TikTok and the Law
Bashed with accusations of violating children’s privacy laws and frowned upon by President Trump, the Chinese owned app has been battling in court rooms ever since its boom onto the social media scene in 2014 as Bytedance, then later renamed TikTok.
Last year, TikTok was ordered to pay $5.7 million in settlements for violating children’s privacy laws, according to the Federal Trade Commission. Since then, TikTok users must be 13 to be able to use the app and parental approval is required for those under the legal age to use the app. In that court hearing, the FTC stated that TikTok, owned by the Chinese, gathered children’s private data illegally and refrained from getting parental permission before downloading the app, which violates the COPPA (the Children’s Online Privacy Protection Act). According to the governing entity, any app, media platform, or website that targets children, must gain parental consent for users under 13 when their personal information is to be shared.
In the United States, almost all social network and online services require users to give their consent by agreeing to the terms that disallow children under 13 to use the app or service. This was not the case for TikTok, which was aware of the millions of children under 13 were using the app without parental consent, as it gathered names, email addresses, and lots of other private information.
How does China monitor its Activities?
According to the 2017 national intelligence law, Chinese companies must meet government intelligence standards by the ruling Communist Party, which has the authority to request all data gathered by Btyedance, in this case TikTok. If denied, the app would no longer be allowed to operate in China. The Chinese communist party make companies such as TikTok, liable for the censorship of the content on their platforms. This poses a potential threat as the Chinese communist government could easily obtain the personal information of all app users. But why? Simply to control and monitor the activities and whereabouts of the users. TikTok denies such activity.
In some countries such as India, some 60 apps belonging to Chinese countries have been banned on the grounds that they pose a serious threat to their national security. Pakistan and Hong Kong have also banned the TikTok app from operating.
According to a 2019 study, TikTokers aged 16-25 represent 41% of its users, with 56% being male and 44% female. The TikToker global audience below the age of 34 stands at 50%, with users ranging between 18-42 at 26%. The Chinese represent 80% of TikTok app screen time. Regardless, TikTok is the most popular and widespread app belonging to the Chinese and ruled by the Chinese Communist Party and at present, TikTok has over 800 million users with over 2 billion downloads worldwide.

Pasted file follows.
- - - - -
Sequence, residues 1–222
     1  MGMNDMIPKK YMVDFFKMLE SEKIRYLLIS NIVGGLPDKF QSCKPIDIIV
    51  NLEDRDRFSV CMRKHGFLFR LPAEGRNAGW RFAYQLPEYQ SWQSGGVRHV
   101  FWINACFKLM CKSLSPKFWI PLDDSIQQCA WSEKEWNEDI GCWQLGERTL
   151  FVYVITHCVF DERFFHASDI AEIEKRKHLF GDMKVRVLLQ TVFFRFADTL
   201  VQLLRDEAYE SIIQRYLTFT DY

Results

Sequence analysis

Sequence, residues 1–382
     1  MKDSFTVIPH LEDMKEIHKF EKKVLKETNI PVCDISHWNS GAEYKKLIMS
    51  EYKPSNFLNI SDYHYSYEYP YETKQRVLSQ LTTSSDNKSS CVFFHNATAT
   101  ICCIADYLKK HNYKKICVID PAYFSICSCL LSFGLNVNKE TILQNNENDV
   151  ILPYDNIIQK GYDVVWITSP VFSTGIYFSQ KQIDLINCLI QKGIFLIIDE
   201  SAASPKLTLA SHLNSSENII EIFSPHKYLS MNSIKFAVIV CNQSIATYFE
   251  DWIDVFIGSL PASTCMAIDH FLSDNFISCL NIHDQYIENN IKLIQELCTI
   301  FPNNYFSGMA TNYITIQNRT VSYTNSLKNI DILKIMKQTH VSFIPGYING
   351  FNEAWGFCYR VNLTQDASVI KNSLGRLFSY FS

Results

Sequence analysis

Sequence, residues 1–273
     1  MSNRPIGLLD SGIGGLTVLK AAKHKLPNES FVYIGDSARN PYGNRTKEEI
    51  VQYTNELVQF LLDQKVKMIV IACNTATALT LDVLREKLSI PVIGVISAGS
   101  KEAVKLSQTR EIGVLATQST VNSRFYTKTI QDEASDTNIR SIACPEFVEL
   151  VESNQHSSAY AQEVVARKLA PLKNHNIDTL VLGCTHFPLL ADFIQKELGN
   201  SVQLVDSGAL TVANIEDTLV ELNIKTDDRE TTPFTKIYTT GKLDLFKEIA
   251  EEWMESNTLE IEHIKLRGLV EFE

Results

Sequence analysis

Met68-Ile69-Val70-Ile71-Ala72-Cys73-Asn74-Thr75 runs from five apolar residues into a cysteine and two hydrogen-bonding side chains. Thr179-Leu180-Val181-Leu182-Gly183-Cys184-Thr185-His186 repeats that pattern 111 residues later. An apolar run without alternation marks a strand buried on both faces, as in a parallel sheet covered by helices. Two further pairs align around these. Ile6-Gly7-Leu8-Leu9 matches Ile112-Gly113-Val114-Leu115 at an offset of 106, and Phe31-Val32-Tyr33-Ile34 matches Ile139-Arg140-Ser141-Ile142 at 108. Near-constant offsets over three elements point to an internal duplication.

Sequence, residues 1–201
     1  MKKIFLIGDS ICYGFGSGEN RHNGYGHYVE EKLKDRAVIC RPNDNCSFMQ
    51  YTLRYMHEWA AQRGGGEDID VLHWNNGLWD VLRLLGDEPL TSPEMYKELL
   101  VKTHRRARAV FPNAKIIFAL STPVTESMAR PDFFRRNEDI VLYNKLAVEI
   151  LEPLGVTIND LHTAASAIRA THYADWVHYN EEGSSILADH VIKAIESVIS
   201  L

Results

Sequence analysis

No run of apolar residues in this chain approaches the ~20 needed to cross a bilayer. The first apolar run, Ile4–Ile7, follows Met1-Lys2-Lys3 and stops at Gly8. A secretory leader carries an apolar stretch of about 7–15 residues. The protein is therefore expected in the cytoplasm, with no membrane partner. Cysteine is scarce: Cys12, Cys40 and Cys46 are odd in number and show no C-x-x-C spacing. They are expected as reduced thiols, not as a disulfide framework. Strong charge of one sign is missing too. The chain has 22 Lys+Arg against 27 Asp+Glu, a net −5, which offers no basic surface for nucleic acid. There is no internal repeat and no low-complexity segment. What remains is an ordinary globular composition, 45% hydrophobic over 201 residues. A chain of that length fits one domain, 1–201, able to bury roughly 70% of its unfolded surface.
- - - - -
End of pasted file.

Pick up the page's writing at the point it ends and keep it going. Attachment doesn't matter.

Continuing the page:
TikTok suing Trump
TikTok hit the U.S. through a deal in 2017 when ByteDance purchased the Shanghai-headquartered app called Musical.ly. It then merged with Douyin, another similar app operating in the Chinese market, and renamed it TikTok in 2018. Since 2019, CFIUS (The Committee on Foreign Investment in the U.S.) has been investigating the original purchase agreement for possible threats to U.S. national security.
In August 2020, President Trump’s administration, through an executive order, set out to block the TikTok app in the United States, alleging it was stealing the personal information of its American users.
In return, the Chinese owned and operated company, decided to present legal action against the United States government to protect the rights of their company, community, and the right of their 1,500 employees in the U.S. The Chinese company is expected to have some 10,000 new employees in the United States by 2023.
The lawsuit centers on the fact that TikTok was never afforded due process before Trump issued the executive order and that the order was conducted secretly with no prior public mention. However, Trump acted under a matter of national security, which weighs heavily in court and presidential decisions such as this are given wide latitude.
The aim of the lawsuit is to block the executive order and allow for TikTok to continue operating in the United States and allow Bytedance to divest and strike a good deal with investors.
Regardless of any legal outcomes, TikTok has had a flawless year which capitalized on the COVID-19 pandemic and quarantine. It has spread like wildfire across the United States and now has many adults and celebrities uploading videos onto its platform to bask under its virtual sun.
It will be interesting to see, which non-Chinese investors, such as Microsoft or Facebook, bite into the TikTok 100 million dollar pie.
Written for The Perazzo Law Firm